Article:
For many families affected by a brain injury, financial hardship is a harsh reality. Medical expenses from hospital stays, long-term rehabilitation, and devices to adapt to living at home add up quickly, and being unable to work can make day-to-day life extremely stressful.
Social Security disability (SSD) benefits or Supplemental Security Income (SSI) can help, but the system can be confusing. We want you to understand what SSD and SSI are and explain what can help increase your chances of getting approved.
SSD benefits are designed to provide financial help for people with physical disabilities and severe mental health conditions that prevent them from working full-time. The disability must be expected to last for at least one year or must be life-threatening.
People eligible for SSD benefits must have worked long enough, and recently enough, to have paid into the Social Security system – usually within the last five years. The money you receive is based on your average top earnings over the past 15 years of work history.
If you haven't worked recently enough or long enough to qualify for SSD benefits, you may qualify for Supplemental Security Income benefits instead.
You can contact the Social Security Administration office at 1-877-405-2887, visit www.ssa.gov, or make an appointment at your local Social Security office to get started. Our law firm is also available to help you apply for your benefits.
The review process can take 120 days or more. If the Social Security Administration denies the initial SSD application, don't give up. Over 75% of initial applications are denied. You have 60 days to appeal the decision.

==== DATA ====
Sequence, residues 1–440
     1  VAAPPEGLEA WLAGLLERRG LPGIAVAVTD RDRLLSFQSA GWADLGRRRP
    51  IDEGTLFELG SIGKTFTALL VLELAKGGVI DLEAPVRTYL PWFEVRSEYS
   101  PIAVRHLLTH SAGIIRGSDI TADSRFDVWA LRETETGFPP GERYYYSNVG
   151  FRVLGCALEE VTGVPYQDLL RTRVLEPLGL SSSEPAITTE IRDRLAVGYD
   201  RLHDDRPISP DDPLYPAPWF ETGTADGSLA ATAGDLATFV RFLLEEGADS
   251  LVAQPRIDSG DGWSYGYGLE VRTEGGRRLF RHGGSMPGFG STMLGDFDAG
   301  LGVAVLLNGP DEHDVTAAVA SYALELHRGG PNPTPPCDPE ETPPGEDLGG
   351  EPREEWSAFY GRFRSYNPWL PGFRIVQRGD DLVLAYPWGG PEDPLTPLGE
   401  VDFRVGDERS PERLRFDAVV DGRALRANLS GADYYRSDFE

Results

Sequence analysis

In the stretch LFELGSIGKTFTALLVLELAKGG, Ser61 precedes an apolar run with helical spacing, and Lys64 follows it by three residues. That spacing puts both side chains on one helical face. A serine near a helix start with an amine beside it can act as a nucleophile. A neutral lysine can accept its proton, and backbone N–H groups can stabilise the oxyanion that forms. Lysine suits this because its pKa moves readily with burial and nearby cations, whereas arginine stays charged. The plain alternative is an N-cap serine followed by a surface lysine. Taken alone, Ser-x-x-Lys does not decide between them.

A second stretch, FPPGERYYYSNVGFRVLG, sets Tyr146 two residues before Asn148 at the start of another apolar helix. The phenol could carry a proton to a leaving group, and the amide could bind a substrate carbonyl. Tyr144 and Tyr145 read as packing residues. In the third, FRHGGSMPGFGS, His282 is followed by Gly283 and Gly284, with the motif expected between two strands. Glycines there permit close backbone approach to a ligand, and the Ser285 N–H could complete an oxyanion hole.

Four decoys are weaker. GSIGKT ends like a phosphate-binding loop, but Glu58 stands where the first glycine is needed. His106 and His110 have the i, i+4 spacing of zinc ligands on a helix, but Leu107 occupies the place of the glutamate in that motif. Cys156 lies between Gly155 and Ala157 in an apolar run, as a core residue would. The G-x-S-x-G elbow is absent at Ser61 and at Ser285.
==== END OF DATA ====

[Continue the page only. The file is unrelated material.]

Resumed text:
If your benefits are denied, it's a good idea to talk to an experienced Social Security disability attorney for advice. Many people try to take matters into their own hands and jeopardize their chances of receiving SSD benefits.
Getting approved for SSD benefits can be a complicated process, but it's a way to secure funding when you really need it after a brain injury. Get more information on SSD benefits, including details on the claims process and answers to frequently asked questions.
Not everyone is eligible for SSD benefits – particularly children with a brain injury or people who haven't worked a lot in their lifetime.
Supplemental Security Income (SSI) may be available if a person has little or no work history and is:
A child is considered to be disabled if he or she has a physical or mental health condition that causes severe limitations and the ability to complete daily tasks.
SSI benefits are based on financial need. The Social Security Administration has a chart outlining income restrictions, so you should find out quickly if you qualify.
Contact the Social Security Administration office at 1-800-772-1213 or make an appointment at your local Social Security office to apply for SSI. You can't apply online for SSI.
If you applied for SSI and your claim was denied based on your family's income, you can't appeal the decision. However, you can reapply if your financial situation changes.
If the Social Security Administration denied your SSI claim based on the medical condition, you can file an appeal. The process is similar to filing an appeal for a denied SSD benefits claim.
Families who have experienced a traumatic brain injury know that it can affect every aspect of life and take an overwhelming financial toll. Social Security disability benefits and Supplemental Security Income can help relieve a bit of that burden, but we understand that it can be difficult to even know where to start. Take a look at our SSD Guide if you'd like more information and feel free to get in touch with us with any questions you have.